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Solar Decathlon Teams Using Warmboard

MIT Solar House

Twenty teams have been selected by the U.S. Department of Energy to compete in the 2007 Solar Decathlon, which takes place in Washington D.C. from October 12-20, 2007.  As part of the competition, teams are challenged to design, build, and operate the most attractive, energy-efficient solar-powered home.  Using only energy from the sun and with an eye towards modern design, teams meticulously choose the products and materials that go into their home.  Interestingly, at least five teams, including MIT, UT-Austin, U. of Maryland, U. of Cincinnati, and Lawrence Technological University, are using the Warmboard Radiant Subfloor system.  I've noticed the increasing use of Warmboard in several green projects, so I thought I would do a small post on the subject.

Once you see the cutaway pictured below, Warmboard makes a lot of sense.  Warmboard is the SUBFLOOR with grooves cut into it.  An aluminum surface is bonded to the subfloor, and PEX tubes are placed in the grooves over the aluminum layer.  The heat from the PEX tubes spreads through the conductive aluminum layer, and this process creates an even distribution of heat throughout the floor.  After installing the tubes, practically any floor can go on top: bamboo, tile, carpet, cork, FSC-certified wood, etc.  Solar Decathlon teams like to use Warmboard because it offers the subfloor and the radiant paneling in one product.

Warmboard Cutaway




PEX Warmboard


Warmboard is an excellent product - however, until it comes down in price, it's a luxury item that only high-end projects can afford. If you add up the cost of this product (it's priced separately from the pex piping system) and a nice wood floor over it, it's out of reach IMHO.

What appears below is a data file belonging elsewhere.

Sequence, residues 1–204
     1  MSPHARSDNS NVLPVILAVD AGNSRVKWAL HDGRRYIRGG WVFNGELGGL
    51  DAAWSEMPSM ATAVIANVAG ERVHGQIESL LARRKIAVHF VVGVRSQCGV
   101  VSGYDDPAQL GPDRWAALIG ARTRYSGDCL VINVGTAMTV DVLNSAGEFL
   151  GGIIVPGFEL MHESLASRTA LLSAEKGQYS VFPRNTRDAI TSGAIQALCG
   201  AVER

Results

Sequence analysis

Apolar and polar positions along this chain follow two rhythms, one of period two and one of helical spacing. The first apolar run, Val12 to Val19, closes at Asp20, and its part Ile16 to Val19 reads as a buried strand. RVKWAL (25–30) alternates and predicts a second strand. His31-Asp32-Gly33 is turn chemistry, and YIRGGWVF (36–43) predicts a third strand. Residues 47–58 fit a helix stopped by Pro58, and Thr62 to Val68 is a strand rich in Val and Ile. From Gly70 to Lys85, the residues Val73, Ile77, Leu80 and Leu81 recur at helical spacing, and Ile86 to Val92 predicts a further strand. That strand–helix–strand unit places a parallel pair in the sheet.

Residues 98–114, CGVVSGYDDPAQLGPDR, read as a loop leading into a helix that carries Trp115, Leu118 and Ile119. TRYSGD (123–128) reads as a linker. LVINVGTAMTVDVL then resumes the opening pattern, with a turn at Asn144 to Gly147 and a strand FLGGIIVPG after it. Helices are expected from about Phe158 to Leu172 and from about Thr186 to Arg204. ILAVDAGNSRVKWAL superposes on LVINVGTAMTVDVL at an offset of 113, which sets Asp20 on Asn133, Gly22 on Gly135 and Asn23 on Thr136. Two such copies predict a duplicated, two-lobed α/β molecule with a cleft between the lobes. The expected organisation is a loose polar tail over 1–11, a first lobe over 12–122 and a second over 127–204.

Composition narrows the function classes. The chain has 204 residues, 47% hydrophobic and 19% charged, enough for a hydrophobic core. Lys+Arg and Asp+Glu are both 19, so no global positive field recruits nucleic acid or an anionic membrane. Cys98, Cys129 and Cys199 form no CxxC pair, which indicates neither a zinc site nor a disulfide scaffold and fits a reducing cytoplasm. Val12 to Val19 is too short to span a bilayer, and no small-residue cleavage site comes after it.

In addition, the labor to install it isn't included typically by the supplier, so the contractor needs to give you a price for "sub-floor" installation. Since there are coordination and handling/protection requirements, this labor isn't going to be the same.

I hope Warmboard gets their own installation crews together and sells enough of the product to drop their prices within a range that more residential projects can include this great system.


Thanks for your perspective on the pricing issues. One of the reasons I've waited so long to write about Warmboard was because I wanted to hear more experiences with pricing. Even Warmboard understands their pricing seems a little high:

"Warmboard is an excellent value when considered as part of a complete radiant system. Of course given the quality of the plywood we begin with, the amount of highly conductive aluminum in each panel and quality of our manufacturing process, Warmboard is not inexpensive when considered as a single element of your radiant system. But the numerous job site and system efficiencies, which are inherent to Warmboard result in the highest performance for a bottom line cost that is competitive with systems that simply do not perform as well."

I'm a little confused as to why the teams are installing Warmboard over a plywood subfloor. From what I've read, Warmboard completely replaces a normal subfloor, and should be installed directly on floor joists.

Is there something I'm missing?

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